When longtime NFL assistant Vic Fangio installed the 3-4 defense at Stanford before last season, players such as Fua spent hours studying Baltimore Ravens game film. So the week of work with the Cincinnati Bengals' coaching staff at the Senior Bowl was a seamless transition."The big thing in going from coach Fangio's defense to here, the scheme we're running at the Senior Bowl is similar to what we did," Fua said. "Just the terminology is different. It's stuff I've run already but with different names and maybe little tweaks in the technique. It's easy for me to pick up. I know what I'm doing and I've done it before."Fangio spent one season at Stanford and moved with Harbaugh to the NFL earlier this month. Fangio was hired as the 49ers' new defensive coordinator. Fua played in a 4-3 scheme with Stanford before Fangio's arrival, so he is should be adept at whatever defense he is asked to play in the NFL."Two years ago, the defense was more of a read-and-react defense, and the linemen were asked to tie up blockers for the linebackers," Fua said. "Whereas, this year with coach Fangio, we were penetrating and try to get in the backfield, trying to knock those linemen back and close the running lanes."In speaking with scouts, Fua is projected as a fifth-round pick. He does a nice job of stuffing the run but has not shown much pass-rush capabilities. Niners running back Frank Gore, who sustained a hairline fracture of his right hip on Nov. 29, had a recent MRI that revealed the fracture has healed, according to a source at the Senior Bowl. Gore is ahead of schedule in his rehabilitation and should be cleared to begin running in two weeks. The injury did not require surgery. Agent Drew Rosenhaus said Gore is "feeling great."What's your take? Email Matt and let him know. He may use it in his Mailbag.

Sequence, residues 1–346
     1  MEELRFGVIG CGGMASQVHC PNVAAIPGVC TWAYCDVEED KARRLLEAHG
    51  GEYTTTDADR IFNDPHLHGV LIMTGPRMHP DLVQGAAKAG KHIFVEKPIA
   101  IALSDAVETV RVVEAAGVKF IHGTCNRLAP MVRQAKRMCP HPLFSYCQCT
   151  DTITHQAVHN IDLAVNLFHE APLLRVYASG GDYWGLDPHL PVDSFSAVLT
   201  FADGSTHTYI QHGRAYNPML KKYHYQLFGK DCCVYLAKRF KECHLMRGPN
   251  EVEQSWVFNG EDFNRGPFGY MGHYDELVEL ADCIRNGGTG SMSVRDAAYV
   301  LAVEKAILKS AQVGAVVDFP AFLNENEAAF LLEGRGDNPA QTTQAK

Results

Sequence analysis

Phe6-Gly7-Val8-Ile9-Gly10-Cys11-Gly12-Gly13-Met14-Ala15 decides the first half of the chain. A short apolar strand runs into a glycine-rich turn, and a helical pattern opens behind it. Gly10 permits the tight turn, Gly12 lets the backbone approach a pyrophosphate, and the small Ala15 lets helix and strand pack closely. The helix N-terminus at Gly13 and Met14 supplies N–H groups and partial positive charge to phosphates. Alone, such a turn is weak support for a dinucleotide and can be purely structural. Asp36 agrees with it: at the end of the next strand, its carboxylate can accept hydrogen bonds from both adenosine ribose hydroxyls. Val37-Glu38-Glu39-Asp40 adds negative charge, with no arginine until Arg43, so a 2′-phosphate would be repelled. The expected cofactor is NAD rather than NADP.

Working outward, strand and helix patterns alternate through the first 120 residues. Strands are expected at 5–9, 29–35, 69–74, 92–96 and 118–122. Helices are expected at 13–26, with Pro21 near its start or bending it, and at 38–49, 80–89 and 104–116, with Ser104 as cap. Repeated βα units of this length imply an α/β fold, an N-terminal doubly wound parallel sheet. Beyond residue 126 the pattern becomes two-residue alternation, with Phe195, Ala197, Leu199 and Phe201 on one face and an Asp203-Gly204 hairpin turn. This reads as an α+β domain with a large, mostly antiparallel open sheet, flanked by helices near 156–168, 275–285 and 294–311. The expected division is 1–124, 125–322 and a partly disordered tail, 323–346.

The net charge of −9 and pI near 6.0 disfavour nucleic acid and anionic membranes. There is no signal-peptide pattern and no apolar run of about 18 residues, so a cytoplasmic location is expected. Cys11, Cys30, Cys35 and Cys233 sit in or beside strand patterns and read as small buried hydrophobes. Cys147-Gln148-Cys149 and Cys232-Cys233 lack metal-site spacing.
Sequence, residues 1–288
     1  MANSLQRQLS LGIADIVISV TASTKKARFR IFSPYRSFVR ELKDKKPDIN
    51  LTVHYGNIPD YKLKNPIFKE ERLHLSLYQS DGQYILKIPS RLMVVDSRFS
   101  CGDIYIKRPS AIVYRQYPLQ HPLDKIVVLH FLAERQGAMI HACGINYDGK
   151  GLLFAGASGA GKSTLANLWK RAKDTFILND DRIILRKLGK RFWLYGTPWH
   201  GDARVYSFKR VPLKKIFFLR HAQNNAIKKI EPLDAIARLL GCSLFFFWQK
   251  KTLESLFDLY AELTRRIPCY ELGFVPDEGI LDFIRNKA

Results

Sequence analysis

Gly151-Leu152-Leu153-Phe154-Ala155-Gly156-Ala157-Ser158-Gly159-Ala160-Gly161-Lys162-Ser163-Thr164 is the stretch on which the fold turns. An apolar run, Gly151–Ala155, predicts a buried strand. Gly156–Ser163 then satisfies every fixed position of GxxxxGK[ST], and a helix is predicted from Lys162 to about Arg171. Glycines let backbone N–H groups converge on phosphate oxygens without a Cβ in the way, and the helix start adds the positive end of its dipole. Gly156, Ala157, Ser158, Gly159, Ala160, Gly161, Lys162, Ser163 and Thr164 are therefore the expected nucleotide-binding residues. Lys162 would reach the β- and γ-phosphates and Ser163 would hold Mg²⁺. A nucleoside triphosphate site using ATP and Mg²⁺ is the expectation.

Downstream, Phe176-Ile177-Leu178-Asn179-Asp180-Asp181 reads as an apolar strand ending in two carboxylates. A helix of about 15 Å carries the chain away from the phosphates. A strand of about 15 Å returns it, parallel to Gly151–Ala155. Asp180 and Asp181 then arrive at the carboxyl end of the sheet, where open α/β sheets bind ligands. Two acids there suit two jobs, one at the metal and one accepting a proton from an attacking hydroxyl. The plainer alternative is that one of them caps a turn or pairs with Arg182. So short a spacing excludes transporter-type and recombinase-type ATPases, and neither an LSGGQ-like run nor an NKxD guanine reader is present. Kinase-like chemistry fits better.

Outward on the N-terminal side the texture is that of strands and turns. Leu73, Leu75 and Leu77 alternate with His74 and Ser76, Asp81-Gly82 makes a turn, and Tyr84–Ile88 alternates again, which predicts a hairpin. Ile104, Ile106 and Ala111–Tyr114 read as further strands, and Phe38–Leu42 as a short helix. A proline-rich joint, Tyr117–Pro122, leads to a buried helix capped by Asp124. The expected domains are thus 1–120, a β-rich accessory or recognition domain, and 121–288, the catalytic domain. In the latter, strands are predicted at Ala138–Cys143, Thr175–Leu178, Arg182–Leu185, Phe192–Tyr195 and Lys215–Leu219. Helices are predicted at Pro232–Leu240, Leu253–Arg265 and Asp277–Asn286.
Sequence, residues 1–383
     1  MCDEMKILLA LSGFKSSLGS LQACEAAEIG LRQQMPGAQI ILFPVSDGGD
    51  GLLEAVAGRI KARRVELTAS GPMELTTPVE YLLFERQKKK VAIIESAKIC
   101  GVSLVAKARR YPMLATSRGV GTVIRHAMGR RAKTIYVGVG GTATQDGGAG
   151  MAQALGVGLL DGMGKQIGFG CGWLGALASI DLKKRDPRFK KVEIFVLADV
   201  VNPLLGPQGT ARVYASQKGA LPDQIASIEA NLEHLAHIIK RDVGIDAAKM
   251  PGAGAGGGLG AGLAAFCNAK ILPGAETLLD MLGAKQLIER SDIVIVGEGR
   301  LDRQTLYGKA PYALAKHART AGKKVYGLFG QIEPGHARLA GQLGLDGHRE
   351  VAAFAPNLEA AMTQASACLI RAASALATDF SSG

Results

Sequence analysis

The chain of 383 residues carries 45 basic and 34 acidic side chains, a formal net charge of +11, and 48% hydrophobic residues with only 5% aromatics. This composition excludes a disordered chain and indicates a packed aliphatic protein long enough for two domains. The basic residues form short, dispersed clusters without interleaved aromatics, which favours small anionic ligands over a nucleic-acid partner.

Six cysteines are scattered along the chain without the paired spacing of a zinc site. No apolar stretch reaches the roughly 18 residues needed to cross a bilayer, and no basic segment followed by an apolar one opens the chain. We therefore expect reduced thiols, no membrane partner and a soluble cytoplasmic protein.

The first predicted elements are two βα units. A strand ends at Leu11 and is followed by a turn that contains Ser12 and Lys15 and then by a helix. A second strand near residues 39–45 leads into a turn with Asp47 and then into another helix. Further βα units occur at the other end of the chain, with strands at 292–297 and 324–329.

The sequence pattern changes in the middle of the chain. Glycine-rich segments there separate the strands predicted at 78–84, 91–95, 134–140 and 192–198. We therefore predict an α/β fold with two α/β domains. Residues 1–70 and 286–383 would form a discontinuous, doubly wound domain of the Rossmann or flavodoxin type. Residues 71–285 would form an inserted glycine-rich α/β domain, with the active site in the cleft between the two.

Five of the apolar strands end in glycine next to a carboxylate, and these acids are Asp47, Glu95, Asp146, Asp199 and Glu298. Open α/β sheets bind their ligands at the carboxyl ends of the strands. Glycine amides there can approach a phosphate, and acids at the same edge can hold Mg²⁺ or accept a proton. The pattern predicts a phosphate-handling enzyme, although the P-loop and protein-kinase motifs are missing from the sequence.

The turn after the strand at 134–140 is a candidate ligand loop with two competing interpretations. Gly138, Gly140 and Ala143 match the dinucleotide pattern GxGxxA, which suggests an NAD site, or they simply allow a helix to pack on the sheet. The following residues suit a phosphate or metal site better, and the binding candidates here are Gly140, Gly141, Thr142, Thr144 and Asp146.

Shanahan delegates offensive duties to 49ers staff

Shanahan delegates offensive duties to 49ers staff

SANTA CLARA – Kyle Shanahan will retain the role he held the past nine seasons in his first year as head coach of the 49ers.

Shanahan eschewed the formality of naming an offensive coordinator because he will keep those duties for himself. Still, Shanahan made it clear that he alone will not be able to fix the 49ers’ offense.

Shanahan has assembled a supporting cast that he said makes him comfortable to delegate responsibilities whenever his attention has to be focused on something other than the team’s offense.

“I mix it up,” said Shanahan, who previously held offensive coordinator roles with Houston, Washington, Cleveland and Atlanta. “Different guys have different attributes.”

Mike McDaniel and Mike LaFleur joined Shanahan after time together on the Atlanta Falcons’ offensive staff. McDaniel is the run-game specialist, while LaFleur, the wide receivers coach, is the pass-game specialist.

Tight ends coach Jon Embree, formerly the head coach at Colorado, is Shanahan’s assistant head coach. Shanahan said Embree has a vocal role on his staff.